Tonegawa's research explained how the immune system can produce a vast
diversity of antibodies, each of which reacts with and counteracts the
effects of a separate antigen (a foreign molecule or microbe). Prior
to Tonegawa's work it was not known how the B lymphocytes (the cells
that produce antibodies) could with their limited number of genes produce
the millions of differently structured antibodies that are specific
to a comparable diversity of antigens. In the 1970s Tonegawa proved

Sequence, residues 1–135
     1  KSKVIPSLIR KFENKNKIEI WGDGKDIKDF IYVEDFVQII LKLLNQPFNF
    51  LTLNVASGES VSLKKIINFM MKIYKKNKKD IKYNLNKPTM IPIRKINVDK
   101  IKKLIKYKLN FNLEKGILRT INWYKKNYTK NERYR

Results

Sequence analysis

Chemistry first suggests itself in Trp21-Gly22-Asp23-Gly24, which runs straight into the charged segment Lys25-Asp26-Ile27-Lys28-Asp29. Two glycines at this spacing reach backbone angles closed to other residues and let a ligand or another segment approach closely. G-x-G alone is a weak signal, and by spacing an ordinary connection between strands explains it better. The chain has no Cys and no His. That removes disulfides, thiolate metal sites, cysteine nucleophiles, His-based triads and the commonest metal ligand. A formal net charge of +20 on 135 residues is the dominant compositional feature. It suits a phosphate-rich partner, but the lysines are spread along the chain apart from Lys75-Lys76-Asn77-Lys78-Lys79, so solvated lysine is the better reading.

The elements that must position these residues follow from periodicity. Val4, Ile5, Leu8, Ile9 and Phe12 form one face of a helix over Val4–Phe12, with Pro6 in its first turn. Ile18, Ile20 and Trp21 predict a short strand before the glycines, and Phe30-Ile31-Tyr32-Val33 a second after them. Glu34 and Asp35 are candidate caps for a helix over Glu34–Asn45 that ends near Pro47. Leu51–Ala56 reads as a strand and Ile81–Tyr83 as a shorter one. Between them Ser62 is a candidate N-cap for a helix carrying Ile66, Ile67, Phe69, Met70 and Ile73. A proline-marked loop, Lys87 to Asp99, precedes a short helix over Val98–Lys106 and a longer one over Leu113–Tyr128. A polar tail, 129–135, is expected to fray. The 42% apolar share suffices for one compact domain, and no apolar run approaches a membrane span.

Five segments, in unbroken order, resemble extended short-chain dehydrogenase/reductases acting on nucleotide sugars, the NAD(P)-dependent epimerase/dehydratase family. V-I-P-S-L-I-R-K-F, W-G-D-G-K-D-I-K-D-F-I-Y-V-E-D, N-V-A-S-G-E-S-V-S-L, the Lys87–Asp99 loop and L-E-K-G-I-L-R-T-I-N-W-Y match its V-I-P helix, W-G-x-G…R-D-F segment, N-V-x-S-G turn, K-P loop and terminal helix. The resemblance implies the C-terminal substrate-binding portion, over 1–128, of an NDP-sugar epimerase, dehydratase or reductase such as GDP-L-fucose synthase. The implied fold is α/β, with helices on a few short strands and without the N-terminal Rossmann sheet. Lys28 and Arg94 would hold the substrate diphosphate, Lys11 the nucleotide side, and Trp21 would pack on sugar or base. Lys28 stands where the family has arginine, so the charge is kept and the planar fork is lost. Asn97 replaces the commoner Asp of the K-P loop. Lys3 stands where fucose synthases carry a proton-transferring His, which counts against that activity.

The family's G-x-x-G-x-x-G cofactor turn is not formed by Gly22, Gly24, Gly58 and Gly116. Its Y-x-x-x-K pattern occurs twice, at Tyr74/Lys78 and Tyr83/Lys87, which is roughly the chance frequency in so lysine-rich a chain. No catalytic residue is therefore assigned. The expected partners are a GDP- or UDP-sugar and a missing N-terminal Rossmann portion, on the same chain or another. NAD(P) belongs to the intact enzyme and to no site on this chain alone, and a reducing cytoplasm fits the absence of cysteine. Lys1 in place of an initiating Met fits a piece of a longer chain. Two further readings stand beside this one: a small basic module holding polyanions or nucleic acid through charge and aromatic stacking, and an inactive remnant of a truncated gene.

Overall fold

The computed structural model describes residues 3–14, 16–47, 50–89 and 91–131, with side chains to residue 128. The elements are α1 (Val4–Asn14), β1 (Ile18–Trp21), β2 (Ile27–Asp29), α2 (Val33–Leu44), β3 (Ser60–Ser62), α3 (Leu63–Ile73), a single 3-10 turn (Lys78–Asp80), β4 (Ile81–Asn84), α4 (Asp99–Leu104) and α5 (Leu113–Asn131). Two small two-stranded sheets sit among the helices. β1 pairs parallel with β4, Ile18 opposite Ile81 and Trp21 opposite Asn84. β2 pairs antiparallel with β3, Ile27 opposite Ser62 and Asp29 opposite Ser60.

in a series of experiments that approximately 1,000 pieces of genetic
material in the antibody-manufacturing portion of the B lymphocyte can
be shuffled or recombined into different sequences, the resulting variations
enabling the production of as many as one billion different types of
antibodies, each specific to a different antigen. A fundamental mechanism
in the immune system was thus revealed.
Main Page | About Us | All text is available under the terms of the GNU Free Documentation License. Timeline of Nobel Prize Winners is not affiliated with The Nobel Foundation. External sites are not endorsed or supported by http://www.nobel-winners.com/ Copyright © 2003 All Rights Reserved.